Today we walked our final 11 miles from Tudweiliog to Aberdaron, the end of the North Wales Pilgrim’s Way. Although we didn’t walk the entire path, I’m feeling an incredible sense of accomplishment at achieving our goal. My parents and I walked every step between Rowen and Aberdaron, and we did it together — in the sense of walking in a group, but also in supporting each other and making it possible for each of us to complete this journey.
Today’s walk began by rejoining the coastal path, and the morning included a stop in a small bay to watch a seal in the water. (Don’t try to look for it in the picture; I didn’t get it on camera.)
The day’s walk included two beaches, and we caught the first one (Traeth Penllech) at a low enough tide to walk its length. It was a gorgeous place, where we stopped for a snack, my mom waded into the water, and I decided to climb a group of nearby rocks.
As we rejoined the path at the opposite end of the beach, I admired this adorable notice (very common on gates leading to and from areas where sheep are grazing, but very rarely decorated like this):
Around lunchtime we started looking for a place to picnic. We had seen benches all along the path, but as we walked we weren’t seeing anything. Finally we chose a small grassy area that extended toward the water, and we nibbled on our provisions while watching the birds play below us. After lunch we continued on, and just around the corner … saw a perfect bench. Ah well!
By early afternoon we arrived at the second beach, Porthor. It’s called Whistling Sands in English because it has singing sand — sand that makes noise as you walk on it. I shuffled along, making the sand shift and squeak under my feet.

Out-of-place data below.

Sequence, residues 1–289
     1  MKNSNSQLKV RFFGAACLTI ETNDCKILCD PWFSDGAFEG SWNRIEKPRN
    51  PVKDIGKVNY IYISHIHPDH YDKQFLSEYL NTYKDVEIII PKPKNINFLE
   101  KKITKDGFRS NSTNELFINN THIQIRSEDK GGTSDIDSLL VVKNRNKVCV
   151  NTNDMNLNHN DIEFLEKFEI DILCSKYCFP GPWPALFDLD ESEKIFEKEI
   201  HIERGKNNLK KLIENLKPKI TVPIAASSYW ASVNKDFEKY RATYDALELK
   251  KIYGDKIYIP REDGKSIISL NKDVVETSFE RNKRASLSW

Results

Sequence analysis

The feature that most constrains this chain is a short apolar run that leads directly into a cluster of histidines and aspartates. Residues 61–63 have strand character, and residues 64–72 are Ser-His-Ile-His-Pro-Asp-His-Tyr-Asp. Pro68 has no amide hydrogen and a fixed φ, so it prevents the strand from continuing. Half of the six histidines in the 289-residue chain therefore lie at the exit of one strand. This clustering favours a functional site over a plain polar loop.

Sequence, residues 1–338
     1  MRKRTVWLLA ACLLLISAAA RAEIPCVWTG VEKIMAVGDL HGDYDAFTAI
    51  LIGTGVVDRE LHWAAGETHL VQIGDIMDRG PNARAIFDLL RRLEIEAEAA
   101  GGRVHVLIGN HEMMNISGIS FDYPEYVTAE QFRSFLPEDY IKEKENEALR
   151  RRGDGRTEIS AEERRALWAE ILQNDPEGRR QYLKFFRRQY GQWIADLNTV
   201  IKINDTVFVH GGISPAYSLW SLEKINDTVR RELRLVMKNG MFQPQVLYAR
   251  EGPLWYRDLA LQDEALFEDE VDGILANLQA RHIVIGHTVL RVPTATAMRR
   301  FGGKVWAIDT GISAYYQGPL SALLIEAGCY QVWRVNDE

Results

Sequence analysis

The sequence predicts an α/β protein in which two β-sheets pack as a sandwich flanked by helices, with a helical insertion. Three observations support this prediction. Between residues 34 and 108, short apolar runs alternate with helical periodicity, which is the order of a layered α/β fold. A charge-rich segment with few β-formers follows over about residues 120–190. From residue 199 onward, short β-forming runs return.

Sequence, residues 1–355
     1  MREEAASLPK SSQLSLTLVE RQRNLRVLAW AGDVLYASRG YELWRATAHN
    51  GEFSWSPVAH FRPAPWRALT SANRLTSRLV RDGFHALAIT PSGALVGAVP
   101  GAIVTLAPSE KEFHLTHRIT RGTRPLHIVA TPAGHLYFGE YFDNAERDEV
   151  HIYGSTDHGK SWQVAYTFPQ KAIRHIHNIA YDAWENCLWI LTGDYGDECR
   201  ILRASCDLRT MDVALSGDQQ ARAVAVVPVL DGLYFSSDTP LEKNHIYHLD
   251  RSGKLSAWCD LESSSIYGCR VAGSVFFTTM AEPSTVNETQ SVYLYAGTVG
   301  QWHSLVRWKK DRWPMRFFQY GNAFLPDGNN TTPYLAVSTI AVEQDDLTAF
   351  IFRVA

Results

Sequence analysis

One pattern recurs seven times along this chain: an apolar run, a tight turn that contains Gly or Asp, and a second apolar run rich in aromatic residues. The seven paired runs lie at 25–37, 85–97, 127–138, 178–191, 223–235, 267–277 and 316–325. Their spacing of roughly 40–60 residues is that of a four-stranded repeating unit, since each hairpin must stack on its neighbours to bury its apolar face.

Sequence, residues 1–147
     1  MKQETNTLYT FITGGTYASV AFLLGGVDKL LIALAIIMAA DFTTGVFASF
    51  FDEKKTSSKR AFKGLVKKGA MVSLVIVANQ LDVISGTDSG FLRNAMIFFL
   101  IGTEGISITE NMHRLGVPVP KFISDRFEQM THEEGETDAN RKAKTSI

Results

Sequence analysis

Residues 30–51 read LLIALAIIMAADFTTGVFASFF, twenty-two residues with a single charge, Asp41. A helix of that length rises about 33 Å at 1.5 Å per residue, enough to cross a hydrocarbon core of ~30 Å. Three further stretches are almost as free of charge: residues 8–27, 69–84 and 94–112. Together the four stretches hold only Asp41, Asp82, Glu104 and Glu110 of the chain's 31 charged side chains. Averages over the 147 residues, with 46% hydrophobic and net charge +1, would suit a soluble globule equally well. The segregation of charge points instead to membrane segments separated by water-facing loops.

The pilgrim’s way now offers an option to continue on the coast path all or part of the way around to Aberdaron, but that adds a good 5 miles to the walk. Instead, we chose the older direct route across the peninsula from Porthor to Aberdaron.
Soon after leaving the beach, as we walked up the road, a man asked if we were walking to Aberdaron. (How did he know?!) The sun was out in full force today and it was hot, and when we confirmed our destination he let us know that he had water in his car (parked a little further up ahead) if we needed it. I am so touched by the kindness of strangers. But our water bottles were still quite full so we thanked him and continued on through our network of tracks and fields.
As we crested a hill, we could see the top of Ynys Enlli (Bardsey Island) poking up over the end of the peninsula and Aberdaron nearer to us on the water. The end was in sight!
A final field that the guide book described as being possibly occupied by bullocks is now fully planted, so we skirted around the edge to reach a very wind-blown tree and a path down to a riverside walk into the village of Aberdaron. (I will now admit that I am filled with doubt every time I try to call a place a town or a village, and I had to look up Aberdaron to check. On our first full walking day, my mom referred to Rowen as a town and the chapel caretaker kindly corrected her: “It’s a village, dear.” I hear his voice every time I start to call a place a town, although likewise I don’t want to accidentally downgrade a town to a village!)
Before collapsing in our hotel, we walked the last few steps to St Hywyn’s Church and declared our pilgrim walk complete.
It’s hard to believe we’re done. It’s also hard to believe that soon we’ll be back at home, recovered and not feeling the aching feet and satisfying end-of-day exhaustion that have become our constant companions. But first, tomorrow, we’ll be taking a boat out to Bardsey Island as a capstone to our walk.